Thursday, December 31, 2009
For a photographer whose pictures tend to be about the small moments in life -- the everyday and easily-missed surprises -- today’s images are a pretty darned major departure. There’s nothing small and easily missed here.
Mount Rainier serving as a backdrop to the city of Seattle that’s bathed in wonderful, end-of-day light; fireworks blasting off the Space Needle during a New Year’s Eve celebration...these are grand, over-the-top gestures, collaborations between Mother Nature and man that add up to showy bombast.
Come next week we’ll be into a new year and I suspect I’ll point my camera, once again, toward our cat, and the neighbor’s horse...my more-typical subject matter of subtle consequence. Today, however, let’s say good-bye to 2009 and welcome the New Year with a visual BANG.
Friday, December 18, 2009
I’m thinking about making a few changes to the nature pictures I currently have posted on my web site, so this week I have been going through my files, taking a virtual tour down Memory Lane... I’m looking at places I’ve visited and photographed over my years of hiking in wild areas of the Pacific Northwest.
As I edited film and digital images, my office radio played in the background and I heard news stories about the climate change conference going on this week in Copenhagen. The reports were that rich and poor countries were bickering, and it sounded less and less likely that the conference would produce a meaningful agreement.
I realize that it’s risky business these days for any of us to try have a calm, rational discussion about a number of issues, climate change included. Folks seem to have formed opinions about global warming -- it is real, or it’s not; it is influenced by the actions of man, or it’s not -- and neither side wants to hear what the other has to say.
Here's one thing I thought about as I went through photographs this week: Though I don’t make my living with my nature pictures -- photojournalistic, people-photographs have always been what I do best -- I’ve been shooting landscape images as a visual exercise for about 30 years...which doesn’t seem like a terribly long time. Nevertheless, two of the pictures I found right off the top in my archive could not be shot today, due to climactic conditions.
The image above is Whitehorse Mountain near Darrington, Washington. The picture was shot on a brisk morning, December 17, 1996. Local meteorologists say that this year we’re experiencing an El Nino winter, meaning it’s warmer than usual, the snow level is higher, and only the upper part of Whitehorse is frosty-white. Maybe it’s indicative of something significant, probably it’s not, but Whitehorse Mountain in December, 2009 does not look like it did in the same month of 1996.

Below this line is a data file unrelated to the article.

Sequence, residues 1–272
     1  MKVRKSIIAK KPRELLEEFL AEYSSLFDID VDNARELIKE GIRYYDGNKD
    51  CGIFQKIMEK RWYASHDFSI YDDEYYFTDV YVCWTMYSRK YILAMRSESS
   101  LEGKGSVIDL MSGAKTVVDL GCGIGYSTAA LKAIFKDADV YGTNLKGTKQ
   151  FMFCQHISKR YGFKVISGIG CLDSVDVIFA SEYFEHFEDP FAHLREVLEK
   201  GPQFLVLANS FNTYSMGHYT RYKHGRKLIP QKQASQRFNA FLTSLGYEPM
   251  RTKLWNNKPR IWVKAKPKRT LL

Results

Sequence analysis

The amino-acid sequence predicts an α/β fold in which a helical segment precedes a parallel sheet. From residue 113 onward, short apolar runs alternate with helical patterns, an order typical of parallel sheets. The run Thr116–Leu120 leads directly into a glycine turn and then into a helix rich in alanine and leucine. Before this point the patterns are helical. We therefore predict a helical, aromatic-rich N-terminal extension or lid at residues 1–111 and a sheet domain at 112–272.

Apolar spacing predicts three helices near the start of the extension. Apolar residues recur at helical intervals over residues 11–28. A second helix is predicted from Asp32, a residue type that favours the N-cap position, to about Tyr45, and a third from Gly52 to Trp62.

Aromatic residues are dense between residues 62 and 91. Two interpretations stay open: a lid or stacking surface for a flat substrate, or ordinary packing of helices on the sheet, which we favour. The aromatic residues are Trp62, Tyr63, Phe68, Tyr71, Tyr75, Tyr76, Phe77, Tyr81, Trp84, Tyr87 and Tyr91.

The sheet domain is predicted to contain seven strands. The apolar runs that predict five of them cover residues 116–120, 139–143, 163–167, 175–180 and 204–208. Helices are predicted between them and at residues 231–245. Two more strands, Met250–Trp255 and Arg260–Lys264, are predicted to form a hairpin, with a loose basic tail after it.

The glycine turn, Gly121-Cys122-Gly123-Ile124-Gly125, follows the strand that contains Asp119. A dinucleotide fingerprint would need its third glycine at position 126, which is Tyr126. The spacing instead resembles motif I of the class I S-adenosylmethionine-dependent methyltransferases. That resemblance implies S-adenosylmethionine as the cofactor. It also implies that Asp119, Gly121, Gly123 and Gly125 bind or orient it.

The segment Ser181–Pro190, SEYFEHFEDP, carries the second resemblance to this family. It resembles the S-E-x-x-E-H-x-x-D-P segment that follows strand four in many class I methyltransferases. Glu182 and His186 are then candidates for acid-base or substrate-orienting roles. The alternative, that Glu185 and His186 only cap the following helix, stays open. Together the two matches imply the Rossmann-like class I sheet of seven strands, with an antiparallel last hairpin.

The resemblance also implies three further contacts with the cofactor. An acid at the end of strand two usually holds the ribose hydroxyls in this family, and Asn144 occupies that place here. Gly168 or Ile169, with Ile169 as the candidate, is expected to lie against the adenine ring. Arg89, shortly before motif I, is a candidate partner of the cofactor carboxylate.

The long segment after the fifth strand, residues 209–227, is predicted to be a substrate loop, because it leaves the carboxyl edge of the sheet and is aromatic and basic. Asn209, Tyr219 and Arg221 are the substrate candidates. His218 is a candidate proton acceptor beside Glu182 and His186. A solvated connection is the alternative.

Of more long term concern is the picture below which I shot in 1980 in the Paradise ice caves on Mt. Rainier. The Paradise Glacier has retreated to the point where, today, the caves you see here are long gone. Melted.
When the Copenhagen conference came to a close today, my reading left me feeling that a few small steps were finally taken, but we have a long way to go.
My personal conclusion? Well for the past several years I've been driving a LOT less. Once upon a time I went to the mountains nearly every weekend; now I go maybe three or four times a year. I’m trying to find my nature pictures closer to home, traveling on foot or by bicycle whenever possible. Mine is a singular and possibly an inconsequential effort, but it's arguably more positive than what seems to have come out of Copenhagen.
Tuesday, December 15, 2009
I like to think that I’m a fairly thoughtful fellow, but last week I was confronted with something I’d never considered before: When the temperatures drop into the teens for days on end and the water in ponds and puddles freezes, what do the birds in our yard do to find water to drink?
Yes, we have always put birdseed and suet out in the winter months for our feathered friends, but it was only because folks on a local NPR gardening program mentioned the put-water-out-for-the-birds suggestion that I was goosed into action and initiated my Help Birds Hydrate Plan. I dug around in the barn and found a couple of feeder pans, and I put those out and made sure they were filled with thawed water during the several days our cold snap lasted.
I suppose the birds would have found water somewhere, even without my help. But last week's temps were unusually frigid for this locale, so maybe the birds appreciated my gesture. I sure enjoyed watching them come visit my birdie day-spa.
Friday, December 11, 2009